A statement issued by the World Association of Zoos and Aquariums (WAZA) said: "Incidents like this are incredibly rare. While it is unfortunate that incidents such as this one unpredictably occur, human safety must come first. WAZA considers culling of animals to be a last resort, but emergency plans were in place and are required in order to save human lives. When a potentially dangerous animal poses a serious and unavoidable threat to human safety, saving human life must come first. However, it is truly regrettable that two animals had to lose their lives due to irresponsible human behavior."
Craig Sholley, vice president of the African Wildlife Foundation, told Discovery News, "A lot of time is spent in designing good, safe exhibits, but It is almost impossible to keep people out of them if they connive to enter."
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PETA and other animal activist groups have repeatedly called for the permanent closure of zoos and aquariums due to animal welfare concerns, but Sholley argues that "zoos play a vital role in conservation" via research, education, fundraising and other efforts.
He has seen the issue from all sides, having worked as a zoo curator and as a researcher in the field with renowned mountain gorilla specialist Dian Fossey (1932–1985), studying the large primates in the wild and spending countless hours around them. He said that gorillas can become habituated to human presence, but "dealing with a frightened, screaming intruder" in a captive setting can understandably lead to an unpredictable response from a gorilla.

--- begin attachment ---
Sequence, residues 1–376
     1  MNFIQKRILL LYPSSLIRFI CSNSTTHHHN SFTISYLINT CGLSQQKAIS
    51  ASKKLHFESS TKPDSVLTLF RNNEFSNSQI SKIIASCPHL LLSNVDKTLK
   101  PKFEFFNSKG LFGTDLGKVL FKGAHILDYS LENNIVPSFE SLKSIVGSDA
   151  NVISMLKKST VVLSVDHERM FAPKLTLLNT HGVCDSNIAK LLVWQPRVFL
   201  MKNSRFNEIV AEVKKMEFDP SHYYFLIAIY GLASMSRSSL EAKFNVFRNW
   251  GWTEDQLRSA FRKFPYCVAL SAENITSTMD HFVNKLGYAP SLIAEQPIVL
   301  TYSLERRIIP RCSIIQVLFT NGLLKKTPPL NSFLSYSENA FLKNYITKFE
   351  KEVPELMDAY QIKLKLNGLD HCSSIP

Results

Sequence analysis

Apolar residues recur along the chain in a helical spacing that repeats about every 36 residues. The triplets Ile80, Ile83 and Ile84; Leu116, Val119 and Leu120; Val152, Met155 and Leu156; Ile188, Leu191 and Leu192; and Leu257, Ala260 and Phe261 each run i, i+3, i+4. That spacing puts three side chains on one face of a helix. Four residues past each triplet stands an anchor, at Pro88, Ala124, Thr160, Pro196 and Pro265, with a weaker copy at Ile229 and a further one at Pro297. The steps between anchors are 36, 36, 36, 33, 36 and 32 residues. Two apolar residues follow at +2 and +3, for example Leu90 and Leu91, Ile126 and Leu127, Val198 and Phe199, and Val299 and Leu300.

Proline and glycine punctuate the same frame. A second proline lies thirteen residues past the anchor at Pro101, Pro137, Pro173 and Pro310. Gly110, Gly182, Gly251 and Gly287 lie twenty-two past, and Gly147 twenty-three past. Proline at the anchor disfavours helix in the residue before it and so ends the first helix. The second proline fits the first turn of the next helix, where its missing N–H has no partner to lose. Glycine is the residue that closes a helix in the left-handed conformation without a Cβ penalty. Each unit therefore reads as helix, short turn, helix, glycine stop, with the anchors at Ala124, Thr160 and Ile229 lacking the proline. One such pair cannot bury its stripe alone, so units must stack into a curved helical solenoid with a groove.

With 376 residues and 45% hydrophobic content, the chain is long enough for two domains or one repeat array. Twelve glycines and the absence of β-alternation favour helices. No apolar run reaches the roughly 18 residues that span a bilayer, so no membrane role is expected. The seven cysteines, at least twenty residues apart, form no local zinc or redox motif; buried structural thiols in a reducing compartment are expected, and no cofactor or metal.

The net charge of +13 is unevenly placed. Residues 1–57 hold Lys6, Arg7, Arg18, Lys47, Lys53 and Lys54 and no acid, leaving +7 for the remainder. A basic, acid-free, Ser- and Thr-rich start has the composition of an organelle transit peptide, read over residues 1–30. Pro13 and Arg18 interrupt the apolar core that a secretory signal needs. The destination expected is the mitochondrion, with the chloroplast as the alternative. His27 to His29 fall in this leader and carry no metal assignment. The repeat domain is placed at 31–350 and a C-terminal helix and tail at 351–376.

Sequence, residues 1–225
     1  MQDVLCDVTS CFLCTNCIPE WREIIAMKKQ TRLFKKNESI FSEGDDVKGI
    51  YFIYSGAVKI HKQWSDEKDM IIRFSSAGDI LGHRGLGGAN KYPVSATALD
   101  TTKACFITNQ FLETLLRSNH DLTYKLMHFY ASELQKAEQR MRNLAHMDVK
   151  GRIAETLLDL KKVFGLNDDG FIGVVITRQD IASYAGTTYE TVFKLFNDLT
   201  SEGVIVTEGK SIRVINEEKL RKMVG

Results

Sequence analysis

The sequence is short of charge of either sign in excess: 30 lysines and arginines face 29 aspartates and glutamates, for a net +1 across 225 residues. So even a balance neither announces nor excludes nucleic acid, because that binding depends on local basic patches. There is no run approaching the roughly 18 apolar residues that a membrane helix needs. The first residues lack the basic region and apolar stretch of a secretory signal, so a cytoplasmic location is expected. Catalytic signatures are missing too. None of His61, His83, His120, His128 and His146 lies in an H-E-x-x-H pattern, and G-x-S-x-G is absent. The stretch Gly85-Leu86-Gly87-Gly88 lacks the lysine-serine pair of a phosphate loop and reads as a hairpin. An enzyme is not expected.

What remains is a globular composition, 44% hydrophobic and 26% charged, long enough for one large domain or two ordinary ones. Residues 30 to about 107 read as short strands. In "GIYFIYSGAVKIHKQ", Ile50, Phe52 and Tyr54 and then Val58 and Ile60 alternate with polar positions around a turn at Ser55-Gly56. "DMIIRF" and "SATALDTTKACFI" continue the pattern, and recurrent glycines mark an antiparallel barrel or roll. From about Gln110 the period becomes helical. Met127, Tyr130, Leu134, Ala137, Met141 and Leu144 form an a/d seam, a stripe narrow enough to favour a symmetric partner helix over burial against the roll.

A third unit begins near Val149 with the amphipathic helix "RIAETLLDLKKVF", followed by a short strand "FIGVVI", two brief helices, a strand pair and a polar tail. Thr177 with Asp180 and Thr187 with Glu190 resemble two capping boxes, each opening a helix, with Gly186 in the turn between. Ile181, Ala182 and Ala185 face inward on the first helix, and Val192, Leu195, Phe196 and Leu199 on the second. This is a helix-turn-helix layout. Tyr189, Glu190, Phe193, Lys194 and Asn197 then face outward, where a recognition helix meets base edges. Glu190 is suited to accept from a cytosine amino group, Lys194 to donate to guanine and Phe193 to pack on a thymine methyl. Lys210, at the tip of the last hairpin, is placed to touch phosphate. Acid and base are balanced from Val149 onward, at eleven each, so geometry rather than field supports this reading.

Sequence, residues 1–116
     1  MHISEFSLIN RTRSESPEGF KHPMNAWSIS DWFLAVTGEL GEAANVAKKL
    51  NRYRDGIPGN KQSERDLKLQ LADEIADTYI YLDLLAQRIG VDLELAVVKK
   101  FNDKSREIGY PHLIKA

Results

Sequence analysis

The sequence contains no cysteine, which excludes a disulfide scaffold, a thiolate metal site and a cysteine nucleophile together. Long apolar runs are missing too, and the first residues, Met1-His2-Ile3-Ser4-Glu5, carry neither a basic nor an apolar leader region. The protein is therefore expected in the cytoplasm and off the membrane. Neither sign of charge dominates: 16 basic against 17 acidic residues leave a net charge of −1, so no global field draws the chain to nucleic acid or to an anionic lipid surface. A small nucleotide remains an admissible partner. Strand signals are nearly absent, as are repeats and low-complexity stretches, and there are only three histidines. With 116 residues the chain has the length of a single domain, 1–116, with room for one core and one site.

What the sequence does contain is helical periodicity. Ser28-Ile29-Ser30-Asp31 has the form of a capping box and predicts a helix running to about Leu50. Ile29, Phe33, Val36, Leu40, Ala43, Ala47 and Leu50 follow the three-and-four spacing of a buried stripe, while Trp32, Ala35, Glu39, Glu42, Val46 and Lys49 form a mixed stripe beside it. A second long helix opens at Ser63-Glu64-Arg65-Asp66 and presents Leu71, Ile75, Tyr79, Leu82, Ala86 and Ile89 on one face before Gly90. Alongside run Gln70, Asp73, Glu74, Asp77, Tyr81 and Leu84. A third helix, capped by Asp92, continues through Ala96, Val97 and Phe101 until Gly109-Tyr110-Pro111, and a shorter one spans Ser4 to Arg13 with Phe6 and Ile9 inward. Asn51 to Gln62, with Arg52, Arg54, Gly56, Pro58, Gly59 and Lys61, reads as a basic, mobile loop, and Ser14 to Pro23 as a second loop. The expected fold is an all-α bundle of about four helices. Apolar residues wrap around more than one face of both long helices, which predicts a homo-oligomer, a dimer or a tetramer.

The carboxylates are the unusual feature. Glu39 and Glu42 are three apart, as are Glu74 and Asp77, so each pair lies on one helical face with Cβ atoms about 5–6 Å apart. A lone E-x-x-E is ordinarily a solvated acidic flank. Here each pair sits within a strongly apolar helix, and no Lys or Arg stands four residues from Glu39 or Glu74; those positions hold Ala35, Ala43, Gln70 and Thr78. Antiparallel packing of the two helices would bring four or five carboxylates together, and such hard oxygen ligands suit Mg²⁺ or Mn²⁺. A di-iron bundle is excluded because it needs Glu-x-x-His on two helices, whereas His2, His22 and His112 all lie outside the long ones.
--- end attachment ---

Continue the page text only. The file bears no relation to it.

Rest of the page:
Zoo incidents like what happened in Cincinnati and Santiago get lots of attention, but Sholley worries that there is not enough public focus on the bigger picture of gorilla conservation. Although gains have been made in saving the highly endangered mountain gorilla from the brink of extinction, work to conserve lowland gorillas has proven to be much more challenging, he said.
Sholley explained that poaching, diseases like Ebola, loss of habitat and other threats continue to take their toll on gorillas in the wild. Demand for timber and petroleum from Europe and United States can contribute to the threats, especially habitat loss. He argues that instead of blaming others for individual animal losses, we should all consider our own consumption habits and how they could be adversely impacting entire gorilla populations as well as other wildlife.